Exercise 1.4 Frame

This exercise was completed at Thrybergh Country Park in Rotherham. I have continued the theme of using a telephoto lens due to the subject being shot (i.e. birds) and also as this added an extra challenge regarding the composition of each image. I have chosen the location and the subject of birds, firstly due to my love of nature, secondly due to the juxtaposition of previous “politically motivated” shots and thirdly due to the fact that this gave me an added challenge when framing what can be quick-moving subjects, into certain areas of my viewfinder. There was no pre-planning with this shoot other than I know I wanted to concentrate on framing within each third, and not on the third.

I wanted to do this following on from the exercise on points, as I wanted to explore this further with shapes and how the frame is affected by subjects close to the edge of the frame (as this is something I do not usually do).

The images are laid out in a logical manner of left to right and top to bottom due to how we read.

I will explore how each image works or does not work underneath the images. What I can say here and now is that I am conscious of a number of points prior to starting my write  up and refelction. Firstly, my images are again free of people, which is something I am going to chnage in Project 3 and that I found composing images at the bottom edge of the frame the most uncomortable and the hardest to acheive. I will say more on this when I complete my write up.

I have added the images below, trying to arrange the subject from top left as we read to the bottom right.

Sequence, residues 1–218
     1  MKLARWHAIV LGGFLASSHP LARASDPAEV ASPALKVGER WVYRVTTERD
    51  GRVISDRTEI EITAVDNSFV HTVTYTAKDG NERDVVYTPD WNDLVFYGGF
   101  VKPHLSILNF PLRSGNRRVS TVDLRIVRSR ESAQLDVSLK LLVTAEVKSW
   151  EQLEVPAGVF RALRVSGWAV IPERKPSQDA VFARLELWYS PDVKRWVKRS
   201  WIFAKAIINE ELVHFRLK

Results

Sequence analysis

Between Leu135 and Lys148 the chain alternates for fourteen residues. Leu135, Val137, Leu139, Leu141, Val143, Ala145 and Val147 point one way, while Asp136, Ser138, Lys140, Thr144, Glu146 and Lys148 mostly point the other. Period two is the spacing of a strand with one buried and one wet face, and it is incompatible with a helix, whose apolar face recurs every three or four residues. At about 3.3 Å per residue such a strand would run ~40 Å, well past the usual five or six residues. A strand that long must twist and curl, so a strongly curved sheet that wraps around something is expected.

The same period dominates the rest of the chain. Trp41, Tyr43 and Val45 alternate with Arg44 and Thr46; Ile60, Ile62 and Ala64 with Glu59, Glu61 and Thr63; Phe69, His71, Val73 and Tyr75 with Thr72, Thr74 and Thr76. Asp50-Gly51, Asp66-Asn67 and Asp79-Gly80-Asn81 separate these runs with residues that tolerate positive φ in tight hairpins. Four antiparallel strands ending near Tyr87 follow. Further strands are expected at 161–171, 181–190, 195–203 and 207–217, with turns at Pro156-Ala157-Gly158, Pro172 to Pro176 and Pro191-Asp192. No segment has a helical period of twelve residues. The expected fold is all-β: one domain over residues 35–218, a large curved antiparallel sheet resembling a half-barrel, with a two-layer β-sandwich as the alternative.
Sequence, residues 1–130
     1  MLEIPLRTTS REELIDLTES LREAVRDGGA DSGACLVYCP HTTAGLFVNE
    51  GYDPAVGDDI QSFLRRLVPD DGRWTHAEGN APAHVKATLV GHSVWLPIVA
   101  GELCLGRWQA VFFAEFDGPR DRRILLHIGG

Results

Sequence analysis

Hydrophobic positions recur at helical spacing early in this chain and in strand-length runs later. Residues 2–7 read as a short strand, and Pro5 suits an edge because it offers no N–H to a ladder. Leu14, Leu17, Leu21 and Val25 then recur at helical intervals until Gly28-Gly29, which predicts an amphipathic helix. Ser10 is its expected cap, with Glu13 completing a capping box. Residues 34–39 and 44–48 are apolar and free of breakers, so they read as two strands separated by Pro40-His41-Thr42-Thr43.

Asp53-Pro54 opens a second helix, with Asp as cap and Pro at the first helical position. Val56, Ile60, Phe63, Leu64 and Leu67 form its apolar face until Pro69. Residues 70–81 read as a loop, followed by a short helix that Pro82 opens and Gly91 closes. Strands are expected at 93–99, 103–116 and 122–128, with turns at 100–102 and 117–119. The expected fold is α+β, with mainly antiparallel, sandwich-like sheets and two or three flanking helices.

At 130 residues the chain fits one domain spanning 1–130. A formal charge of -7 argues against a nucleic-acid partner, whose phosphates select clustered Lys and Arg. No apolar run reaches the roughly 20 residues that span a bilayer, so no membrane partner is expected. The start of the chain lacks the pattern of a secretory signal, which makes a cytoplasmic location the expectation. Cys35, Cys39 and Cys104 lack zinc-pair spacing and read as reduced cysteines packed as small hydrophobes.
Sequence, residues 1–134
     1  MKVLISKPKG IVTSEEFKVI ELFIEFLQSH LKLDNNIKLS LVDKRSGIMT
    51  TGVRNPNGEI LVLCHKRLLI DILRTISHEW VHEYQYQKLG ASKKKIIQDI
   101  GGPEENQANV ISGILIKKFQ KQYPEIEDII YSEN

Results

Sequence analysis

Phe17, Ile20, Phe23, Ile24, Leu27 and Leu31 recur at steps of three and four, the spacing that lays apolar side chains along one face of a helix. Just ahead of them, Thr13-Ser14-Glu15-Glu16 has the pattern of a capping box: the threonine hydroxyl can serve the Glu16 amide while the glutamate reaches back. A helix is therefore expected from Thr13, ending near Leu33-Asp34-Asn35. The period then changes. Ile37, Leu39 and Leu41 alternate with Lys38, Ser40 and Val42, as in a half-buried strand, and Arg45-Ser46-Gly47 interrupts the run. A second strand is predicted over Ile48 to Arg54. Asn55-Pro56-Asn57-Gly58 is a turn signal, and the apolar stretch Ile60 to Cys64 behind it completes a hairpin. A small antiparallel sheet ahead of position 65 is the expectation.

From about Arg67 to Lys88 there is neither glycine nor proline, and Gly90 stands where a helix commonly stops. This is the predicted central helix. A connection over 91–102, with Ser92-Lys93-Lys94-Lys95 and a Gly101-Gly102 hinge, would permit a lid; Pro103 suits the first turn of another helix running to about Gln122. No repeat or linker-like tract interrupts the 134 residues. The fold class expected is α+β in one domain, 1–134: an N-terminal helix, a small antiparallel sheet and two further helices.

Top left third of viewfinder.

The coot was moving away from me as I was shooting, which gave me the opportunity to capture this in the top left third of the frame. The movement of the coot was smooth and steady creating ripples and the feeling of an implied diagonal line from the bottom right hand corner of the frame moving to the top left. The coot is placed too high in the frame and would be better lower down and slightly to the right, actually sitting on the third rather than being in the top left third of the image.

Top middle third of viewfinder. 

This image is more of a point than a shape and is sitting far too high in the frame. If I were shooting this for pleasure, given the angle of the bird in the frame, I would alter this significantly. The image is too static and I find it hard to justify why this bird is in that section of the frame. The eye is drawn automatically to the bird as there is a clear contrast to the clear blue background. In saying that, this image does not work for me.